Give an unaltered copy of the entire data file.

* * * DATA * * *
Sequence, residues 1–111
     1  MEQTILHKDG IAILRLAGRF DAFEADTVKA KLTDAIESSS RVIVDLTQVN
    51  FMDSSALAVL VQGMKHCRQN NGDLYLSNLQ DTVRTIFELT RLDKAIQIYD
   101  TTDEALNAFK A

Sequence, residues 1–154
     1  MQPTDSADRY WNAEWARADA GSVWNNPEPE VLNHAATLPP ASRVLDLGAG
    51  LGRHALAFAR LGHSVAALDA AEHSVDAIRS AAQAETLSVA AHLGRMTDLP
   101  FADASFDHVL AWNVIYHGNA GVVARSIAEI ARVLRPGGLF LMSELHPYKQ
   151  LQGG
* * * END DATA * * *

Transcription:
Sequence, residues 1–111
     1  MEQTILHKDG IAILRLAGRF DAFEADTVKA KLTDAIESSS RVIVDLTQVN
    51  FMDSSALAVL VQGMKHCRQN NGDLYLSNLQ DTVRTIFELT RLDKAIQIYD
   101  TTDEALNAFK A

Sequence, residues 1–154
     1  MQPTDSADRY WNAEWARADA GSVWNNPEPE VLNHAATLPP ASRVLDLGAG
    51  LGRHALAFAR LGHSVAALDA AEHSVDAIRS AAQAETLSVA AHLGRMTDLP
   101  FADASFDHVL AWNVIYHGNA GVVARSIAEI ARVLRPGGLF LMSELHPYKQ
   151  LQGG